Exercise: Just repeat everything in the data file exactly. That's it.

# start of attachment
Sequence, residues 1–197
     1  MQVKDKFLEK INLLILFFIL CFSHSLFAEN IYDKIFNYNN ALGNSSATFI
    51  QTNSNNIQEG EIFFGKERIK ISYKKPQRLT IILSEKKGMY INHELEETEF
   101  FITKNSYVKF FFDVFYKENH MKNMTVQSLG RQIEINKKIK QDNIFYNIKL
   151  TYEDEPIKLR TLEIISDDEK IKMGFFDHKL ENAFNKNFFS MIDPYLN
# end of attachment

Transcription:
Sequence, residues 1–197
     1  MQVKDKFLEK INLLILFFIL CFSHSLFAEN IYDKIFNYNN ALGNSSATFI
    51  QTNSNNIQEG EIFFGKERIK ISYKKPQRLT IILSEKKGMY INHELEETEF
   101  FITKNSYVKF FFDVFYKENH MKNMTVQSLG RQIEINKKIK QDNIFYNIKL
   151  TYEDEPIKLR TLEIISDDEK IKMGFFDHKL ENAFNKNFFS MIDPYLN